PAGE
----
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Chapter Sixteen — The History of Mahaki

page 116

Chapter Sixteen
The History of Mahaki

Mahaki, the eponymous ancestor of the tribe named Te-aitanga-a-Mahaki, of Poverty Bay, was the second son of Tauhei and Tama-taipunoa. The marriage between Tauhei (the last child of Kahungunu and Rongomai-wahine) to Tama-taipunoa. was the outcome of the peace terms after the raid made by Tutamure on the pa Maunga-akahia, as has been related in the history of Kahungunu. Strange though it may seem, all the children of Kahungunu and Rongomai-wahine left their birthplace (Te Mahia) and married into prominent tribes of the Poverty Bay district: Kahukuranui (the first child) went and married Ruatapuwahine, the daughter of Ruapani, the paramount chief and owner of the whole of Turanganui-a-Kiwa land. The next child, Tamatea-kota, married Rongo-kauae (a daughter of Rongo-whakaata, prominent ancestor of Te Arai and surrounding lands), and became the parents of Kahatapere (father of the twin brothers who were murdered by Tupurupuru, grandson of Kahukuranui and second cousin to the twins). Rongomai-papa, the third child, married Ruapani himself, and begot Ruarauhanga, the mother of Tupurupuru, as has been mentioned. The next was Mahaki-nui, who died without issue.

The last of these famous children-was Tauhei, who married Tamataipunoa, as is mentioned above. The married couple migrated to Waikohu, inland of Gisborne and in the Bay of Plenty district. The first child of the marriage was Tawhiwhi, who married Te Ahiwhakamauroa, a woman of Poverty Bay, and died in early age. The next was Mahaki, who married Hine-tapuarau, a granddaughter of Kahukuranui, an uncle of Mahaki himself. By this marriage, the first child was:

1.Rakai-te-awe (f.)
2.Ihu, or Ranginui-a-Ihu (m.)
3.Hikarongo (m.)
4.Rakaiaotea (f.)
5.Whakarau, or Whakarauora-tanga-a-Tu-tamure (m.)
page 117

The last child was so named Whakarauora-tanga-a-Tu-tamure, or "Lives spared by Tu-tamure," in memory and appreciation of the sparing of the lives of the people in the Maunga-akahia pa where Tauhei was given in marriage as a peace-offering, as has been related.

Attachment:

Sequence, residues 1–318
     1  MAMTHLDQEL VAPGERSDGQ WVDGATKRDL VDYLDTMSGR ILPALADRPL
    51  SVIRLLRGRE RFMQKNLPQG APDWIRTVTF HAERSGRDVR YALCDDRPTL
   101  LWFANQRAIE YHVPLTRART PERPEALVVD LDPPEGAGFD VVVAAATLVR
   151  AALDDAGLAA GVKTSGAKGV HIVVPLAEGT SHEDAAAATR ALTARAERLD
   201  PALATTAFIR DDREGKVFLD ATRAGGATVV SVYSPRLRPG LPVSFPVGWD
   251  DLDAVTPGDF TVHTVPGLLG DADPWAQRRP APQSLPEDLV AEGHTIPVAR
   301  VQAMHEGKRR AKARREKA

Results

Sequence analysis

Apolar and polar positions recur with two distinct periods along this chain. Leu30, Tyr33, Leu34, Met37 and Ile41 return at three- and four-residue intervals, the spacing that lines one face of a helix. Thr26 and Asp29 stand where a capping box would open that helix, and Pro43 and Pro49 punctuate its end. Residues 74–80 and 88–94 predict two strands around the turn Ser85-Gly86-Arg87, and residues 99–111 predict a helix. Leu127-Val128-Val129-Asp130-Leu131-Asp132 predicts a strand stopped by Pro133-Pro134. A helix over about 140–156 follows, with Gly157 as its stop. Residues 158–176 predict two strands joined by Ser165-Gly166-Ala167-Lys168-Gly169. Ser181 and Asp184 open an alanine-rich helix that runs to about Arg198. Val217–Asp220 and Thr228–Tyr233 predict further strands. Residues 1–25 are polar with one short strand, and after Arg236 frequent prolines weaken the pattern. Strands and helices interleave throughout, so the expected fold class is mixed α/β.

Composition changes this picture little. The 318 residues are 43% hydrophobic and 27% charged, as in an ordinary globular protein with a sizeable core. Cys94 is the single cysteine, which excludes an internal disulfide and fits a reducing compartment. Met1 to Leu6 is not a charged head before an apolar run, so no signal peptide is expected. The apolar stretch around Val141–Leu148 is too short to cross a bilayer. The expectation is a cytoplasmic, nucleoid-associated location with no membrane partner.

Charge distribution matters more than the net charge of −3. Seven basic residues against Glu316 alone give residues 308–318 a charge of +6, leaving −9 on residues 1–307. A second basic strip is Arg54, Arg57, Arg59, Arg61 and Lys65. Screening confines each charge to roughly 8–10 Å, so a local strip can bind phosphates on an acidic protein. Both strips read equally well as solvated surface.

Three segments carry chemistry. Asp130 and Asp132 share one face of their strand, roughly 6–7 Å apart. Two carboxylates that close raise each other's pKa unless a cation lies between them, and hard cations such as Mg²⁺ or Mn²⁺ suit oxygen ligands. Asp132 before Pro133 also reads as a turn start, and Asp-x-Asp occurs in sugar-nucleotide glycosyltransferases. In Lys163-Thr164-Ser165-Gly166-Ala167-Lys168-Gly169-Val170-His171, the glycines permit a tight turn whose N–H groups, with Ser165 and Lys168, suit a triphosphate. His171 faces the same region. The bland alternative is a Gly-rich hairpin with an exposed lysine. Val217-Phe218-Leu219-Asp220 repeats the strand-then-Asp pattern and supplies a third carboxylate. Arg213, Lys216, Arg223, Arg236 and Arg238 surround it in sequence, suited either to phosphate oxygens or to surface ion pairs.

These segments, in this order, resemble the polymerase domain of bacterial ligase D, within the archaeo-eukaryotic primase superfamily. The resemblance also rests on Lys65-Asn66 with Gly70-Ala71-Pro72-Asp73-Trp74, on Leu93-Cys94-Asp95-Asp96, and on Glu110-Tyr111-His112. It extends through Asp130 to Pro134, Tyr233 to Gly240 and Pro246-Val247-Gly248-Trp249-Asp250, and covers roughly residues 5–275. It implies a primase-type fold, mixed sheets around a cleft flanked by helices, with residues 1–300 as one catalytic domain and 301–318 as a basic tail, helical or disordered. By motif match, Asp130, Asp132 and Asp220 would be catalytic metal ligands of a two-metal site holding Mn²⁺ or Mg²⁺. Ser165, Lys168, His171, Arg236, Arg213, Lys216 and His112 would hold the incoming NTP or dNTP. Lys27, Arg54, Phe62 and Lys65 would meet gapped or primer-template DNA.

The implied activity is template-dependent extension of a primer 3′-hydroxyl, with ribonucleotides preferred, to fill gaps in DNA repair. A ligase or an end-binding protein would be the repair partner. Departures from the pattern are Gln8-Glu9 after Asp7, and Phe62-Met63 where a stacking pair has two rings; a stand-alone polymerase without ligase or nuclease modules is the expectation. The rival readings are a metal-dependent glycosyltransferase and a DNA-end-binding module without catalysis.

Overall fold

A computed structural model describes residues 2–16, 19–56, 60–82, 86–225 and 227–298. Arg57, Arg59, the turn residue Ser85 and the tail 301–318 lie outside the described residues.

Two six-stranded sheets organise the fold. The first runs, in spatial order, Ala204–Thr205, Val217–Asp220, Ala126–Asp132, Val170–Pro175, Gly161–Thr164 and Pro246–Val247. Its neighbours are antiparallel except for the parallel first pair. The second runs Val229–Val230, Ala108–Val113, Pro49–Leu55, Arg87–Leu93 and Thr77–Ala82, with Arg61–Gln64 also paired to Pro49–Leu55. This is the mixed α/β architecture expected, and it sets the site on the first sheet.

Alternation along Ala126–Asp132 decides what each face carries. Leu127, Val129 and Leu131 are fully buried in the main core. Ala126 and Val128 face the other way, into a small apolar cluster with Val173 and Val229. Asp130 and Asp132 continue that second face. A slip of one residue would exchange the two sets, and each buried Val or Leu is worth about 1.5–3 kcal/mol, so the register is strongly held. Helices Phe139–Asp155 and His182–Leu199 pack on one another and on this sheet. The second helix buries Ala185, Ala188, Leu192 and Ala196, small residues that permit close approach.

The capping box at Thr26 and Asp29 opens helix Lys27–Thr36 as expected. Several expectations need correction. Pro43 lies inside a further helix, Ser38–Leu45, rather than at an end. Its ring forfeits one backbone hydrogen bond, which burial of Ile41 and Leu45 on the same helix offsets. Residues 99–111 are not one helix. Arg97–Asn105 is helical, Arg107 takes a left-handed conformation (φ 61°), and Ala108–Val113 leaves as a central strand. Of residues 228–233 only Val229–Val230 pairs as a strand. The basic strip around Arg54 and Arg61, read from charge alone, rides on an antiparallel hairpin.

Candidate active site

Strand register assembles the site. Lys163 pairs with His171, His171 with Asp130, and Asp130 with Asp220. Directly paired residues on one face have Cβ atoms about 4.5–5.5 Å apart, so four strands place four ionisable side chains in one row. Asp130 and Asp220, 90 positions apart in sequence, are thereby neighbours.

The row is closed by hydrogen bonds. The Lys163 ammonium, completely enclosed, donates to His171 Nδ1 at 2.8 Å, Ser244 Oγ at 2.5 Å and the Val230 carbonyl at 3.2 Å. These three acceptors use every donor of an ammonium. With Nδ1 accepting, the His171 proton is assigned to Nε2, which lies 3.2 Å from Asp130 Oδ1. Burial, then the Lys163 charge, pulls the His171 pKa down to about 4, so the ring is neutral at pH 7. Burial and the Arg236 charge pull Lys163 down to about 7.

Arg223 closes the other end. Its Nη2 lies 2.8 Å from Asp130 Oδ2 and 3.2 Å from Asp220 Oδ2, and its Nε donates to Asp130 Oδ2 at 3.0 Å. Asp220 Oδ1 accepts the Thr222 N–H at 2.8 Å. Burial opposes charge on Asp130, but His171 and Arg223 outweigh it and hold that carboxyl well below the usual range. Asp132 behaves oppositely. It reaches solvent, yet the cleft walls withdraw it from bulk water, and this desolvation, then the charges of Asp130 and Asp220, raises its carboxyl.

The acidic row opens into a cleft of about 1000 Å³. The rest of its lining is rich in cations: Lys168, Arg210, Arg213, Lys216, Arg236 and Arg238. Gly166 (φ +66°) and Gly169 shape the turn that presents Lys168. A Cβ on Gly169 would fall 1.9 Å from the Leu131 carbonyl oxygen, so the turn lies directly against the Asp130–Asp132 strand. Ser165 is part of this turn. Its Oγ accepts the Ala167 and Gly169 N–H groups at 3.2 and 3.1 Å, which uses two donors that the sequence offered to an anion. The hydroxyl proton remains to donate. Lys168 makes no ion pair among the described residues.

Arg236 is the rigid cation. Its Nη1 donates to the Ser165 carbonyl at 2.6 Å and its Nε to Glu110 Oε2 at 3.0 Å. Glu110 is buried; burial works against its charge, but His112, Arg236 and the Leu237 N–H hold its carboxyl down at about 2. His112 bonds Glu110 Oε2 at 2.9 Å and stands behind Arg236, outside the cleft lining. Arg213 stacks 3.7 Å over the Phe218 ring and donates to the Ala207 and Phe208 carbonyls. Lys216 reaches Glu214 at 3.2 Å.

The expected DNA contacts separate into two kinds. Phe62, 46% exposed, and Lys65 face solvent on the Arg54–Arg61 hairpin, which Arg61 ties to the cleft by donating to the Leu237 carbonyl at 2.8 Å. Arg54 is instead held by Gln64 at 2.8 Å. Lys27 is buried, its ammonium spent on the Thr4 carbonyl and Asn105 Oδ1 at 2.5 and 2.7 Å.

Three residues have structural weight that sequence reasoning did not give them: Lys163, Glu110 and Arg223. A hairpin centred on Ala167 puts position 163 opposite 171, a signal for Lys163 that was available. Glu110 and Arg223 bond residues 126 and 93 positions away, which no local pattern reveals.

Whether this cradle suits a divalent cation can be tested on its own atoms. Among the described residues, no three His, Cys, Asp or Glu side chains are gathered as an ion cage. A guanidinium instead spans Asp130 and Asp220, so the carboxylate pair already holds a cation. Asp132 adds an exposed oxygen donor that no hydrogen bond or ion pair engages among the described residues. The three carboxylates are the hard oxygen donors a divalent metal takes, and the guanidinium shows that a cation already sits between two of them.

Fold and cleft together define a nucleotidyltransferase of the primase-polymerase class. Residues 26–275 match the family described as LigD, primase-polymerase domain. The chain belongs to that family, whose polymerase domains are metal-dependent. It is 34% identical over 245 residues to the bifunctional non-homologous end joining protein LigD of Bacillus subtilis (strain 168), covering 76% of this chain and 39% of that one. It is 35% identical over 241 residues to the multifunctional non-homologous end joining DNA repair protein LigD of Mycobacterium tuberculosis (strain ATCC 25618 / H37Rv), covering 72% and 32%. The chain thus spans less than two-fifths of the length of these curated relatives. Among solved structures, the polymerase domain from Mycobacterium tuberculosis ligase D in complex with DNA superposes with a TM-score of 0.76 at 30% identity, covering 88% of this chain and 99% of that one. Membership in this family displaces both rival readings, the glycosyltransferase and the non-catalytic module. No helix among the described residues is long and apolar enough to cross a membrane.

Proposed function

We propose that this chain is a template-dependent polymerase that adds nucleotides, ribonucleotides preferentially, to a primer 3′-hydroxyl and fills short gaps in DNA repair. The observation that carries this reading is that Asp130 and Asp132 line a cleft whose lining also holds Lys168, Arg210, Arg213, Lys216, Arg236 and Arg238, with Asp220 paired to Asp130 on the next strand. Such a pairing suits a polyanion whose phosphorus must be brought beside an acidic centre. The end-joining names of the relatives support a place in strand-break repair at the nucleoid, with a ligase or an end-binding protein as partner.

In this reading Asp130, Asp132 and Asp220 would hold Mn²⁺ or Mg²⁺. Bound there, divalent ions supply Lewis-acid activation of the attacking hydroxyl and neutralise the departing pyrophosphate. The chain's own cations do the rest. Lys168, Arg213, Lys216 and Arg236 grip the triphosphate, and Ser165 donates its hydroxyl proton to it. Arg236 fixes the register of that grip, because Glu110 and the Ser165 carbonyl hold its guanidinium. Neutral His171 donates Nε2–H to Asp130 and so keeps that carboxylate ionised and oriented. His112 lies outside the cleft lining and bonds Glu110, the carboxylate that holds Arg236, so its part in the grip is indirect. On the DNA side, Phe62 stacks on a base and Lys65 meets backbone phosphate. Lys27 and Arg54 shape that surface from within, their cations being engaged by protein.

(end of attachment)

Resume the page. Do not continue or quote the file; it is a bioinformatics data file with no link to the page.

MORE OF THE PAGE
Mahaki and his family lived in the pa named Pa-werawera at Waikohu, inland from Gisborne, near the present Mahaki railway station. At this time the whole of the Turanganui-o-Kiwa territory, formerly reigned over by Ruapani, had been inherited by Tupurupuru, the celebrated grandson of Ruapani, and first cousin to Hine-tapuarau, wife of Mahaki. When Tupurupuru murdered the twin brothers, as related in the history of Taraia, Mahaki with his sons took up the leadership of the avenging side, which resulted in the killing of Tupurupuru and the migration of his people to Mahia. The part of the land actually occupied by Tupurupuru and his people, that is, the western side of the Waipaoa River, fell to the two sons of Mahaki—Ihu and Whakarau. The eastern side of the river was held by Hine-manuhiri (who married Pukaru, son of Ruapani) and her children, together with Rakaipaaka (brother of Hine-manuhiri) and his children, who had their pas at Waerenga-a-hika. Subsequently, over the killing of the dog of Tu-te-kohi and the cohabiting of the wife of Mahaki as related in the history of Tama-te-rangi, a fight took place. This resulted in the driving off the land of Hine-manuhiri and Rakaipaaka and their people, which gave Mahaki and his children the sole ownership of the lands formerly owned by Ruapani. Thus it is shown that Mahaki became the prominent owner of Turanganui by wresting the lands from his own cousins. In later periods his grandchildren and descendants extended the right and mana of the tribe over a very wide territory, which made Te Aitanga-a-Mahaki the richest and most powerful tribe in the Poverty Bay district. There are many other activities achieved by this section of the Ngati-Kahungunu tribe, but these are sufficient to show the power of the Ngati-Kahungunu tribe in this part of the East Coast of the North Island. All of the persons mentioned in this chapter lived in stormy and turbulent times. Mars was in the ascendant and quarrels, fightings, and migrations characterised their lives. Therefore it is all the more interesting to find that as the several later generations passed, the various tribes forgot their animosities and became united through important marriages.